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Automotive engineering

PSA Peugeot Citroën reduces environmental impact of its diesel
engines with standardized LMS Virtual.Lab Engine Acoustics process

Over the past 15-20 years, PSA Peugeot Citroën has put its name on the diesel technology map. Recognized worldwide, the company's high-pressure direct injection diesel engines using common rail technology can be found on more than 15 million vehicles. This is superb news for the planet since this engine technology consumes 20% less than other diesel engines with corresponding reduced CO2 emissions and features excellent drivability with noise, vibration and handling levels equal to gas engines.

Image 1: Without proper engineering and countermeasures, engine noise will increase with the new Euro 6 emissions regulations.

Continuous improvement is clearly the mindset at PSA Peugeot Citroën where better driving performances and less pollution have been high on the agenda for more than a decade. The HDi engine featured an efficient diesel particulate filter pollution control system, which destroyed all diesel particles and reduced emissions to barely measurable levels (0.004 g/km). With this solid first success already under its belt, PSA Peugeot Citroën began standardizing this formula for success throughout the development process as a whole, guaranteeing greener and cleaner product continuity for years to come.

Standardizing acoustic engineering
Creating a crowd-pleaser in the modern-day automotive sector is twofold. One, a car must be clean and green, and two, it still must be fun to drive. This fun-to-drive factor is directly linked to not only how the car handles, but also how it sounds. Does it "growl" during acceleration and hum while it cruises? Being able to control this factor in the engine design is where the study of engine acoustics becomes an important way to not only make better performing cars but also more appealing ones.

Back in 2004, PSA Peugeot Citroën was already busy thinking about how to get this valuable brand aspect into the total development process. Controlling the sound wasn't only a 'nice-to-have' for the passengers; minimized pass-by noise was becoming a necessary statistic to sell. So certainly, this was an area that needed to be addressed early in the design process - and hopefully as efficiently as possible.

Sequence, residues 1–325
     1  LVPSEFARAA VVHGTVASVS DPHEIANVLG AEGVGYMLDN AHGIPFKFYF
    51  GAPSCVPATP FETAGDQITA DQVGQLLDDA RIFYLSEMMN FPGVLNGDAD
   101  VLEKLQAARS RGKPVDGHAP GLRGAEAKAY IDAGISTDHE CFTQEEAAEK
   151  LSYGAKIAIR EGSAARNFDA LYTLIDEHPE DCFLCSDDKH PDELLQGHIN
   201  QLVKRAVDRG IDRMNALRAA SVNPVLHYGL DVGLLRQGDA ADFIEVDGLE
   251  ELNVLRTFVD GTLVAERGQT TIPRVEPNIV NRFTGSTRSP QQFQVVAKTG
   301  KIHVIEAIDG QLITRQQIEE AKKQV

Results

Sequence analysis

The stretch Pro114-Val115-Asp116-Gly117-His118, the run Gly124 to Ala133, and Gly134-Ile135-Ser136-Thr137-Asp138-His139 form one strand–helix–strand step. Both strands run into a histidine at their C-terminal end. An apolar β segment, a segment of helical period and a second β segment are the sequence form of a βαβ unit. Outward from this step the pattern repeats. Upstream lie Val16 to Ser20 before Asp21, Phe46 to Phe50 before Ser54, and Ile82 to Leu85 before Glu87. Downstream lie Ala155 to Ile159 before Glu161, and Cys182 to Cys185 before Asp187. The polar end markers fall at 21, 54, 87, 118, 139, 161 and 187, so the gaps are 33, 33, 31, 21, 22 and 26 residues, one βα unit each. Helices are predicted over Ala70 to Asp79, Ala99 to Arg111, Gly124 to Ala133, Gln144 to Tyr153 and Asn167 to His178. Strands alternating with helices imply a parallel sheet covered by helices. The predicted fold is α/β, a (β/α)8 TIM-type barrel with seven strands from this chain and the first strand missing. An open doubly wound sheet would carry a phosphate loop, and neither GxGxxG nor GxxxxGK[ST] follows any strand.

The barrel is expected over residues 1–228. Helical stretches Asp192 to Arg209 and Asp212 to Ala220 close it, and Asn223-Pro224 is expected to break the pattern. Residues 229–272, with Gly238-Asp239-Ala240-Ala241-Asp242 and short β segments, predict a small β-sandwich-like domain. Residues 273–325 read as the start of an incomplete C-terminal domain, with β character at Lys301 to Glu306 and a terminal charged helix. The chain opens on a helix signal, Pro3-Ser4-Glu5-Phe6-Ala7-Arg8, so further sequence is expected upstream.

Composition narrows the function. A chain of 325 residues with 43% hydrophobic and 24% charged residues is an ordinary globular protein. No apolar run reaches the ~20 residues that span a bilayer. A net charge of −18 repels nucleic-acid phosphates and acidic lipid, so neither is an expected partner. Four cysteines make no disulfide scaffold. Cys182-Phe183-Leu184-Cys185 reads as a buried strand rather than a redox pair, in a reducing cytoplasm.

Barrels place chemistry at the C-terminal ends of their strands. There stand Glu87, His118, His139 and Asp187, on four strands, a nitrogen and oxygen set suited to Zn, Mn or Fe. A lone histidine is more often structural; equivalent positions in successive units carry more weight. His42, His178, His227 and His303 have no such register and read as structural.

"Our Methods Department at PSA Peugeot Citroën realized that engine acoustics needed to be seriously implemented into the car development process. No only to control passenger comfort factors, but also to make sure that all the new engines in development would meet the pass-by and other noise regulations," stated Mr. Olivier Dumas, NVH Simulation Project Manager for Powertrain. "We evaluated LMS Virtual.Lab Acoustics from Siemens PLM Software
 and found it fit well into our engine simulation process."

Reaching maximized design flexibility
Soon after the successful evaluation, the team, located in PSA Peugeot Citroën's research and development center in La Garenne-Colombes near Paris, began to use LMS Virtual.Lab Acoustics successfully for projects. The next step was to improve the process even further by automating it to save time and avoid errors. The new standardized LMS Virtual.Lab Acoustics process was subsequently completely integrated into PSA Peugeot Citroën's entire vehicle development system.

"Acoustics is an important element in every step of the process, but doing a separate acoustics iteration after each major step from functional CAD and meshing to assembly, modal analysis, transfer path analysis and dynamic and acoustic response, well, that was just non-compatible with the time constraints," said Mr. Dumas.

What Mr. Dumas and his research team knew was that they would have to design a method to automate the acoustics performance in the engine during the different development phases. To reach maximum design flexibility, the overall process would need to be adapted.

Image 2: The engines of the Peugeot 508 and the Citroën C4 were partly designed with the LMS Virtual.Lab engine acoustics simulation process.

Image 3: Engine noise constitutes a major contribution to the overall noise level of the vehicle.

Image 4: Today, a number of different models emitting less than 130 g/km CO2 are commercialized by Peugeot and Citroën.

New process equals more time to design
"In our old process, we couldn't change much by the time we were in CATIA V5. Now, with our new process, we use a simplified parametric and less detailed model where dimensions and concepts can still be changed. This way, we can still take NVH information into account in the engine design. It is not all set in stone," added Mr. Thomas Dericquebourg, NVH Simulation Engineer for Powertrain.

This not only allows more flexibility in the CAD design; the team also can rely on a whole list of validated components to choose from to assemble the mesh and developing the best possible input and output sections as well.

"Our LMS Virtual.Lab Engine Acoustics solution has certainly sped up our process, but more importantly, it lets us test acoustic concepts much earlier in the development project. We can check out more design possibilities, do more parallel calculations and optimize the acoustic design much earlier," stated Mr. Laurent Beaune, Head of NVH, Strength, Crash and Optimization Numerical Simulation for Powertrain and Chassis. "It is really easy to use and completely automated so that users can be trained and up to speed in no time."

Now with the HDi engine in production, the team can easily validate the simulation by checking the test results using LMS Test.Lab.

"This process improvement encourages us to implement it for the exhaust system and gear box as well," concluded Mr. Beaune.

For further information, view website:  Refer to page 312

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